Brian Sims

ICO issues warning over smart devices harvesting personal data

THE INFORMATION Commissioner’s Office (ICO) has issued a warning over the risks posed by smart devices harvesting personal data. The ICO has also signposted a crackdown on connected devices by unveiling plans for new rules and action to be taken against manufacturers who fail in their data security obligations.

The warning comes in response to a new report issued by Which? that includes the findings of a detailed audit of connected devices, in turn revealing that almost all required location data, despite this information not being key to a given product’s functionality. The report reveals that some brands of speakers automatically share customer data with TikTok and Meta, for example, to smart TVs that insist on knowing viewing habits.

The Which? report states: “Based on our testing, Chinese brand Ezviz’s devices, sold by major High Street retailers including Argos, had by far the most tracking firms active. These included Pangle (ie TikTok’s business marketing unit) and Huawei, as well as Google and Meta.”

Every single brand assessed by Which? used tracking services from Google, while Blink and Ring also connected to parent company Amazon. Google’s Nest product demands the user’s full name, e-mail, date of birth and gender.

Data security

Andy Ward, vice-president at Absolute Software, observed: “Connected devices are the lifeblood of a modern workplace, but are also something of a minefield when it comes to data security. The ability for malicious third parties to listen in with the intention of stealing passwords and confidential information means that organisations should think first before implementing new devices that could present a major security risk.”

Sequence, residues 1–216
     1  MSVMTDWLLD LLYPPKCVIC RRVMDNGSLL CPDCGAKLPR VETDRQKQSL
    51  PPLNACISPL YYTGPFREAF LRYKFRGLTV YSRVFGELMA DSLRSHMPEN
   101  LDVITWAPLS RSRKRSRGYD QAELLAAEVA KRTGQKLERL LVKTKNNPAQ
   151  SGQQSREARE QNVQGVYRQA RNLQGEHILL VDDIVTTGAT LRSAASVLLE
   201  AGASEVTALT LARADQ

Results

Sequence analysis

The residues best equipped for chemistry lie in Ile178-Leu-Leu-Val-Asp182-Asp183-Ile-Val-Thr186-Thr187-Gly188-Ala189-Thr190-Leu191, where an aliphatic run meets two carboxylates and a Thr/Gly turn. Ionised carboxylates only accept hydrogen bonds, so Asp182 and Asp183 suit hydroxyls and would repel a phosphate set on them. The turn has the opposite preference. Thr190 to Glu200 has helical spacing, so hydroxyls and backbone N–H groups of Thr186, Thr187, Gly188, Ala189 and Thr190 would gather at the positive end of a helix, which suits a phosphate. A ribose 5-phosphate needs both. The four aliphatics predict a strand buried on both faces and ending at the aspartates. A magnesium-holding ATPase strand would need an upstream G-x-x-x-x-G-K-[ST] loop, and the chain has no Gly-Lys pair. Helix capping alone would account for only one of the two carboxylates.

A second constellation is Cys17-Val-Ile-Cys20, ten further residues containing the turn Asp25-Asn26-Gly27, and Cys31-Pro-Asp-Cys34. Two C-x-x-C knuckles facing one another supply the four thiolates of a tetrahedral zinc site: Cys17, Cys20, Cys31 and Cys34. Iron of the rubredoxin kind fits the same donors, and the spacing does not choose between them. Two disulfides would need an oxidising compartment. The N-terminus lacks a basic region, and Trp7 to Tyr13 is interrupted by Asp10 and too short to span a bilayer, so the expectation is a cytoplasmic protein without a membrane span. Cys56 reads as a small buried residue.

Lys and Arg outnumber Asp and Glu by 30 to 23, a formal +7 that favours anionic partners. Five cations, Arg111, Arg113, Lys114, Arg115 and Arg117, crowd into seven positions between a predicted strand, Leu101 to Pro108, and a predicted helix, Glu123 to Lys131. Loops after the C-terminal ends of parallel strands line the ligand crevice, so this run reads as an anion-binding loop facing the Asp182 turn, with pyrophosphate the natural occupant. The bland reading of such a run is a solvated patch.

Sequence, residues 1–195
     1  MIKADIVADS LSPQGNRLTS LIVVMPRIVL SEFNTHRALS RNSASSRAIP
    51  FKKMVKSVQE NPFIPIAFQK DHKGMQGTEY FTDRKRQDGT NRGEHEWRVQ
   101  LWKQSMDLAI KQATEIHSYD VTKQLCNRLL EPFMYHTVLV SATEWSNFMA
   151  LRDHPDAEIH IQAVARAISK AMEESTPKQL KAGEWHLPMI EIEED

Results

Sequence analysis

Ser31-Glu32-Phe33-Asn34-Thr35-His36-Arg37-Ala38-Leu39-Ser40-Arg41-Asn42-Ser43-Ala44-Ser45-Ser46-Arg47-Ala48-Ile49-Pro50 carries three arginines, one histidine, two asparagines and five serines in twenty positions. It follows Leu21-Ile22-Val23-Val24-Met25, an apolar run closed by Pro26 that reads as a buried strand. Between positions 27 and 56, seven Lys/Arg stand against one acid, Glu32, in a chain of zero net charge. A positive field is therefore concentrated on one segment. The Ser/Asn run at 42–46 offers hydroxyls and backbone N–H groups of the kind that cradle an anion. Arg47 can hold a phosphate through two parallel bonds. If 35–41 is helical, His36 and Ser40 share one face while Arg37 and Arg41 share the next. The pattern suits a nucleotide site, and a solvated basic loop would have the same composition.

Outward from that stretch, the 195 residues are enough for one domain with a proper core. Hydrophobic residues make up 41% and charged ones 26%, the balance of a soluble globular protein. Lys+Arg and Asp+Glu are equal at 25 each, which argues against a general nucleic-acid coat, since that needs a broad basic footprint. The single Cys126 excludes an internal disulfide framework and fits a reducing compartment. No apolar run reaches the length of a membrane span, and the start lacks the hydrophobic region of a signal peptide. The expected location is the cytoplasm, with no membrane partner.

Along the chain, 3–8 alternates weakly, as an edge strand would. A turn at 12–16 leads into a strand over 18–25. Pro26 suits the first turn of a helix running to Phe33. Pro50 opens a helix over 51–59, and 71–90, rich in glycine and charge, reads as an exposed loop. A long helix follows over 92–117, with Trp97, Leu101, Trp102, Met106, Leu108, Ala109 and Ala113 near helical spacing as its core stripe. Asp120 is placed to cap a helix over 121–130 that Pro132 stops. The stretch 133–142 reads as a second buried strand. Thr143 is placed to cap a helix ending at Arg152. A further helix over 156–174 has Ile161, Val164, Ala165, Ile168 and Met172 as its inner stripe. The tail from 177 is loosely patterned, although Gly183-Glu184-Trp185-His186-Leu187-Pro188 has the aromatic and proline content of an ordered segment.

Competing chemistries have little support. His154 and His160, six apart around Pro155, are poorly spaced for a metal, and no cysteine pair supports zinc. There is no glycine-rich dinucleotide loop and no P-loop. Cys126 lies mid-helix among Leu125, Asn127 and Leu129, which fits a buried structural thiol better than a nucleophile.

Ward added: “Key to this effort must be ensuring rigorous and regular cyber defences are in place, along with the ability to track, locate and ‘freeze’ devices in the event of loss or theft.”

Stephen Almond, executive director of regulatory risk at the ICO, noted: “People should be able to enjoy the benefits of using their connected devices without having excessive amounts of their personal data gathered. This simply isn’t a price we expect to pay. To maintain trust in these products, companies must be transparent about the data they collect and how they use it and ensure that the data is not used or shared in ways that people would not expect.”

Wake up to the risks

Cyber expert Oseloka Obiora, CTO at RiverSafe, informed Security Matters: “It’s time to wake up and smell the coffee around the risks posed by smart devices, which bring with them both a data privacy and cyber risk. The rise of smart offices can create an exciting work environment, but also opens up myriad security challenges, from eavesdropping in the Boardroom through to offering a backdoor into the business for hackers to exploit. New devices should be approached with a level of caution, with data policies checked and confidential information properly protected at all times.”

Obiora concluded: “The most effective defence against identity theft is personnel awareness. Strong and consistent cyber awareness programmes are crucial for minimising opportunistic data privacy compromises.”

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